But, as the SEC alleges, almost nothing told to investors was true. There was no “team” with thousands of properties; just Battie and a couple of administrative assistants, and fewer than 150 properties. And these properties bore little resemblance to those described in offering materials and sales pitches. Nearly all were highly distressed, having been acquired by Battie out of foreclosure.

In a parallel federal criminal case, Battie pleaded guilty to one charge of conspiracy to commit wire fraud, and has been sentenced to 10 years in prison and ordered to pay restitution of $11.4 million.

Battie has consented to a permanent injunction against future violations of all of these provisions. Battie is liable for disgorgement, plus prejudgment interest, of more than $10 million, which is deemed satisfied by the criminal restitution order. The SEC is not imposing a civil penalty due to Battie’s prison sentence.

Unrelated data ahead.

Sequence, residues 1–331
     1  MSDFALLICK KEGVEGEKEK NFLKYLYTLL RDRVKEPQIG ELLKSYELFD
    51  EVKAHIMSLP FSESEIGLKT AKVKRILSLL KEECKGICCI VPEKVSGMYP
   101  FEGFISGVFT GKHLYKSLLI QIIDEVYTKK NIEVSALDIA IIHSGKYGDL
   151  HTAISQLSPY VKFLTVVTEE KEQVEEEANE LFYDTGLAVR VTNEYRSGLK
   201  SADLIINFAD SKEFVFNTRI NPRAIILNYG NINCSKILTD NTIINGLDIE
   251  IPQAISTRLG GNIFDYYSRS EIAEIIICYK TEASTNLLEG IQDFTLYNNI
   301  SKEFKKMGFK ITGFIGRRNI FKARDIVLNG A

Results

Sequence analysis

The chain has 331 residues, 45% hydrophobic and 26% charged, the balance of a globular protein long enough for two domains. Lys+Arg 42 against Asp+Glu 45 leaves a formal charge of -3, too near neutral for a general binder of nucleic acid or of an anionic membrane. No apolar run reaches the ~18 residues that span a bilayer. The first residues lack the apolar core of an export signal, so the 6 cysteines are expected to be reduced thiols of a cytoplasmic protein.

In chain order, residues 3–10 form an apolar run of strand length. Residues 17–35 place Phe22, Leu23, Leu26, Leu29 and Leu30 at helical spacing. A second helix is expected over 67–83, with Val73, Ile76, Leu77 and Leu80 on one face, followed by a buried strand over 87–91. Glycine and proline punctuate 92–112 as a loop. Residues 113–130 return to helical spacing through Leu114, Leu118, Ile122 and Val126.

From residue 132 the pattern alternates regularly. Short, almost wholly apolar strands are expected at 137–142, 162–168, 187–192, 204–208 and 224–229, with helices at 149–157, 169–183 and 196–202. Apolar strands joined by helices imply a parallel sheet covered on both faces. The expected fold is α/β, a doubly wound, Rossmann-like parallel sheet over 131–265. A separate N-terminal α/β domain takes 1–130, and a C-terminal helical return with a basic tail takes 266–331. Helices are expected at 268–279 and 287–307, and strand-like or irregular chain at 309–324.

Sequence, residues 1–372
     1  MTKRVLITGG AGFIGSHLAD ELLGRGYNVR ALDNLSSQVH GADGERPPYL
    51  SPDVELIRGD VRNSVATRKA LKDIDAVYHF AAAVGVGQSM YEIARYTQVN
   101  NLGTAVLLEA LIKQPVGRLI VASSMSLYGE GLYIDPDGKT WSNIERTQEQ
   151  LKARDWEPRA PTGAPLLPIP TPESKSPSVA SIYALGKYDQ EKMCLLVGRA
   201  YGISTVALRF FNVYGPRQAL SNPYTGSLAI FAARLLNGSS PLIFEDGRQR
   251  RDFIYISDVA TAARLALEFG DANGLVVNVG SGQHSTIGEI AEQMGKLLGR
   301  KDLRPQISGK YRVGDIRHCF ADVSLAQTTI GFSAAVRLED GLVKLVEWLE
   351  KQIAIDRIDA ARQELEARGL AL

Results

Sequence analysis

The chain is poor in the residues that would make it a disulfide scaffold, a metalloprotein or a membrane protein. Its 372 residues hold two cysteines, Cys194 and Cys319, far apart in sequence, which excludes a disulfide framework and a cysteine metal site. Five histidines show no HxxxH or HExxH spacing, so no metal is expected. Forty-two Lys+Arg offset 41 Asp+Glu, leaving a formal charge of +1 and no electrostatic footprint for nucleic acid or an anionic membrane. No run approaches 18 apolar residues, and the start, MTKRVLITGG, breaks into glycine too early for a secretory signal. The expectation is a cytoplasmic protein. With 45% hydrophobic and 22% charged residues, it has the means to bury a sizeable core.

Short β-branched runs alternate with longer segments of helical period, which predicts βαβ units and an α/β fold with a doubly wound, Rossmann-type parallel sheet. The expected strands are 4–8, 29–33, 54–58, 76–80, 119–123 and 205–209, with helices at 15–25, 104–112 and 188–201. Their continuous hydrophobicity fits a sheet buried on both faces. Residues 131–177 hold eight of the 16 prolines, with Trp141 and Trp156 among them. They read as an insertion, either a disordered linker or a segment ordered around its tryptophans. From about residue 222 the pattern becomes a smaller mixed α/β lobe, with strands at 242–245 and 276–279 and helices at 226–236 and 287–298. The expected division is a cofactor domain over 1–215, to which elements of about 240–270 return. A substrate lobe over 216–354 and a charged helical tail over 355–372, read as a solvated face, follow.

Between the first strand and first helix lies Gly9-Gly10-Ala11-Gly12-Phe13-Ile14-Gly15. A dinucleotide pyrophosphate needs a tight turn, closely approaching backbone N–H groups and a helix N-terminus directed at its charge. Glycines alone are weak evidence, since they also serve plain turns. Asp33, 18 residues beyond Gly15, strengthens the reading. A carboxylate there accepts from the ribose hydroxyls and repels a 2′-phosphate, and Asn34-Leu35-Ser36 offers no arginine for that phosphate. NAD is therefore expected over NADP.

SEC Names Additional Defendants in Nonko Trading Fraud Case

The SEC filed an amended complaint in its pending action against operators of the “phony day-trading firm” Nonko Trading – charging Yaniv Avnon of Haifa, Israel; Ran Armon of Thornhill, Ontario, Canada; and Avnon’s entity G Six Trading Y.R Ltd. with fraud and broker-dealer registration violations in connection with their roles in the scheme.

The SEC’s original complaint, filed on December 21, 2016, charged Naris Chamroonrat of Bangkok, Thailand, and Adam L. Plumer of Las Vegas, Nevada, in connection with the scheme. The SEC alleges that the defendants pocketed more than $1.4 million in deposits from hundreds of defrauded investors worldwide.